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UNDERSTANDING

MODERN
MARKETING

The Marketing Concept


Marketing Mix Model
Broadening Scope of Marketing
Marketing’s Role in the Organization
Creating Customer Value and
Satisfaction
Marketing and the “Value Chain”
“The underlying philosophy
of modern marketing
management (since the
1960’s) is the outward focus
on customers as the “Center
of the Universe”
The Marketing
Concept
Captured in terms such as:
 Customer orientation
 Customer focused
 Customer driven
 Customer centered
 Customer satisfaction
 Market driven
 Exceed customer
expectations
Marketing Concept
Key Characteristics

Focus on profits
Profits = f (customer satisfaction)
Supply adjusts to will of demand
Assumes intense competitive environment
Long-term time horizon
Normative not descriptive model
Selling and Marketing
Concepts Contrasted
Starting
point Focus Means Ends

Existing Selling and Profits through


Factory products promotion sales volume

(a) The selling concept

Target Customer Integrated Profits through


needs marketing customer
market satisfaction

(b) The marketing concept


Problems in
Implementing the
Marketing Concept

 Inertia, entrenchment (old ways die hard)


 Projection of own beliefs and values
 Confusion of MC with superficial PR
 Learning about customer needs difficult to
operationalize
 Information lost in organizational maze
 Calls for integrated organization to support
marketing effort
 Requires continuous monitoring
Conclusion
Marketing concept
is more relevant
than ever as we
approach the next
millenium
Operational Model for
Implementing the
Philosophy of the
Marketing Concept is
the:
The Marketing Mix Consists
of Four Basic Strategic
Variables
(the four “P’s”)

 Product Strategy
 Price Strategy
 Promotional Strategy
 Place Strategy (Channels of
Distribution)
The role of marketing
management is to mix
or blend these four
strategic variables in
such a way as to meet
the needs of...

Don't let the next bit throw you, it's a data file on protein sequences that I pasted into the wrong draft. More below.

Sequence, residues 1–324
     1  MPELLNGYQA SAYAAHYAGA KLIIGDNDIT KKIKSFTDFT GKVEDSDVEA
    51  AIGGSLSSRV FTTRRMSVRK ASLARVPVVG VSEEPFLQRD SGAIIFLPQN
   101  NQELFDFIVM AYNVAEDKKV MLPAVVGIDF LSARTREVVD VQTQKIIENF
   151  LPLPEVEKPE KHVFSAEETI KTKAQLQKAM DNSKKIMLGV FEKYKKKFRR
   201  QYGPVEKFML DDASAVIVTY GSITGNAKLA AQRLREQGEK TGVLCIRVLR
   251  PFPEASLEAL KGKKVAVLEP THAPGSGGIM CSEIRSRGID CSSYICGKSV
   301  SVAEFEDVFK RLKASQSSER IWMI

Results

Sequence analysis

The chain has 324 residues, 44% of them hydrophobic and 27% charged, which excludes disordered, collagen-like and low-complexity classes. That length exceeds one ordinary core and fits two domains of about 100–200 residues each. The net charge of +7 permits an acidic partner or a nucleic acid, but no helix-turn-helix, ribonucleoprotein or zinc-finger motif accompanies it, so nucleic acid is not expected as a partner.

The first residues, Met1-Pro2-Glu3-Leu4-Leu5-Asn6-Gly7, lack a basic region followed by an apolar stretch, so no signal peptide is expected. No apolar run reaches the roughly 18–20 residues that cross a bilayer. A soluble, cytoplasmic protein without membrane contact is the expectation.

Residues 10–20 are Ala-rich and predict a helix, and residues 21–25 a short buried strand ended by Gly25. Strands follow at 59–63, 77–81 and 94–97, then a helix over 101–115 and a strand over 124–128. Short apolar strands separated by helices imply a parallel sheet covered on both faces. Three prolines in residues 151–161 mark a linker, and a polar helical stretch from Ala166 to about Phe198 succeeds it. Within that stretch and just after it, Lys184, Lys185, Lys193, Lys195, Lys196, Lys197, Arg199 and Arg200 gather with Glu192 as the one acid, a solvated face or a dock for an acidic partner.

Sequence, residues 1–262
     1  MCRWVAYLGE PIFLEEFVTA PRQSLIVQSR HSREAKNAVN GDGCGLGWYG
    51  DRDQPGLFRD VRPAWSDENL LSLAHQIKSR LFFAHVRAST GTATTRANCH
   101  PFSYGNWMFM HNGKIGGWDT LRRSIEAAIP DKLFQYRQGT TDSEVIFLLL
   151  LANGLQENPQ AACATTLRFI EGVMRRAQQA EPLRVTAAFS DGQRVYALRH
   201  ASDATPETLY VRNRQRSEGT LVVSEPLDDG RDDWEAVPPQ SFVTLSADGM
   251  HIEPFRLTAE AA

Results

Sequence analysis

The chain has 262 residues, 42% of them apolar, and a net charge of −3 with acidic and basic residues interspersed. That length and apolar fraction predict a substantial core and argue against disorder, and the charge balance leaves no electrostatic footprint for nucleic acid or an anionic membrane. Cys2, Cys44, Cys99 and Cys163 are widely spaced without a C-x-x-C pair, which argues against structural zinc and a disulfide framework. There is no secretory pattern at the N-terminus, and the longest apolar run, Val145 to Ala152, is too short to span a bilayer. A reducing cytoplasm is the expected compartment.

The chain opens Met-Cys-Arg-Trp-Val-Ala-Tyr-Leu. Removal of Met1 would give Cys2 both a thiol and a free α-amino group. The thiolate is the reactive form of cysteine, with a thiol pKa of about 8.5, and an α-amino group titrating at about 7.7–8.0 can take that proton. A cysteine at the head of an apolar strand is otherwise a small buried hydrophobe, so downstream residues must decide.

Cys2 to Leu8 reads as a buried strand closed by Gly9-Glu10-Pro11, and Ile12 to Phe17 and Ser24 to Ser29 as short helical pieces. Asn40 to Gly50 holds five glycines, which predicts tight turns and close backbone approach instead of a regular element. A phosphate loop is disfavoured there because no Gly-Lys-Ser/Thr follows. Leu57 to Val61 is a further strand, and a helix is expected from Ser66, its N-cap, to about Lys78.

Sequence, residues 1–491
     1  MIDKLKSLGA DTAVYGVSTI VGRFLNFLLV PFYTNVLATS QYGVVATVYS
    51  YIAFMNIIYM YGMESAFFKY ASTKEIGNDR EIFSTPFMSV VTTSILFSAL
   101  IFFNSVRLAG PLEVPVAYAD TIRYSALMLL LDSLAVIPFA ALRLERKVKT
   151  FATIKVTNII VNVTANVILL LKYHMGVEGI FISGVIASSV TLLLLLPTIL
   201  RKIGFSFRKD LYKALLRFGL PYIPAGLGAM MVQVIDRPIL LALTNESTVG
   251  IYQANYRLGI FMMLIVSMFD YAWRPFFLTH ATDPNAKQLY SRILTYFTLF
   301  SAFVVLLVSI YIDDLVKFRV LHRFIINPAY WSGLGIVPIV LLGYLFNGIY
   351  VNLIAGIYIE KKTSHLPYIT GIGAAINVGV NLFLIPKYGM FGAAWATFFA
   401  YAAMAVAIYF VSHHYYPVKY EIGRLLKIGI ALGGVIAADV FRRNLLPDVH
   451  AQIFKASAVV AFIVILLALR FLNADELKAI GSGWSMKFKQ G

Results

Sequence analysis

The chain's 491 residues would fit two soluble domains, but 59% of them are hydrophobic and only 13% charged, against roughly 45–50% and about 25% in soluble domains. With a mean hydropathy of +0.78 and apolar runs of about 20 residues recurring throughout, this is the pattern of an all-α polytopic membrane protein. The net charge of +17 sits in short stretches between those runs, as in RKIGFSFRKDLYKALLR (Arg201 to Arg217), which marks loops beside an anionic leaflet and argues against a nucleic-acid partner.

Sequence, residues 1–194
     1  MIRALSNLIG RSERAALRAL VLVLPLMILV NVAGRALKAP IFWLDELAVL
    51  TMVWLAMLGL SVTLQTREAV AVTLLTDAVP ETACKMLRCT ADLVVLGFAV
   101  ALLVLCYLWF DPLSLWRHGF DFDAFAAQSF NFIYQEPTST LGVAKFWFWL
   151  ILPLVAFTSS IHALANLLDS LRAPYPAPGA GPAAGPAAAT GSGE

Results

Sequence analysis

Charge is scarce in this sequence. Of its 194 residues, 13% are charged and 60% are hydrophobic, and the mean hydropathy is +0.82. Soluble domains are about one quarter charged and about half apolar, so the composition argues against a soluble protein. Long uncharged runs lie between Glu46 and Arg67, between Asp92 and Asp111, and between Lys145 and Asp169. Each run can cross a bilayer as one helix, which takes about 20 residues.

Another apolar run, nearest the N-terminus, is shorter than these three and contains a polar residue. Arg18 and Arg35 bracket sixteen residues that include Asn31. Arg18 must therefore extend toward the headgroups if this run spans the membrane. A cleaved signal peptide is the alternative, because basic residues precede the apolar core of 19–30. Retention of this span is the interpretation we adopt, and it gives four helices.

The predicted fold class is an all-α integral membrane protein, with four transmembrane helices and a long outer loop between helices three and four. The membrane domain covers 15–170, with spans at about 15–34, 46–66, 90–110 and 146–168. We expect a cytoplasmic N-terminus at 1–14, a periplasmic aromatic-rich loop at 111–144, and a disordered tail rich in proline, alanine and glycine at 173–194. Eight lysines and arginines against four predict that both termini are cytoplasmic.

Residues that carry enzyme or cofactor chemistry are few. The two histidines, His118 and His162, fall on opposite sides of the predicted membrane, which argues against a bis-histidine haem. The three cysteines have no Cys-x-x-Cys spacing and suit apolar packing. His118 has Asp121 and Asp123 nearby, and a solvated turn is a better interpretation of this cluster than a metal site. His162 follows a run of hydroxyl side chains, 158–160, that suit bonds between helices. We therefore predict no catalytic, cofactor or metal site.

THE TARGET
MARKET

Product Price Promotion Place

Target Market
This process
does not take
place in a
vacuum
Environment
(Exogenous Variables)
Main Categories of Environmental
Variables
Economic

Competitive

Technological

Socio-Cultural-Demographic

Legal-Political-Government
Illustrative
Representation of the
Marketing Mix
Environment
Product
•Economic
•Competitive
Internal •Socio-Cultural-
Place

Price
Controllable
Variables Demographic
•Legal-Political-
(endogenous) Govt
•Technology
Target
Promotion Market
The Marketing Mix Model
Portrays
Environment
Marketing Management as:
•Economic
•Competitive Target •Based on the marketing
•Socio-Cultural- Market concept
Demographic •Having a supply side
•Legal-Political-
Government
and demand side
•Technology •Supply adapting to
Price demand
•Highly interactive
Internal •An open system
Promotion
Product

Controllable •Requiring human


Variables direction
(endogenous) •Highly dynamic process
•An extremely
Place challenging managerial
task
Marketing’s
Broadened Scope

 Manufacturers Non-profits
 Retailers  Universities
 Accounting  Government
 People (political

Law candidates)
 Etc.

Yes -- even applies to banks !


Marketing as a Strategic
Component of the
Organization

Marketing is elevated to a
level of strategic
position in the
organization
Marketing-Management
Inextricably Tied to
Decisions Involving:

Future direction of the organization

Markets to be served

Creation of competitive advantage

Long term organizational


performance
Therefore Strategic Marketing
Management Consists of at
Least Six Major Areas

1) Defining the organization’s business


2) Specifying the purpose of the organization
3) Identifying opportunities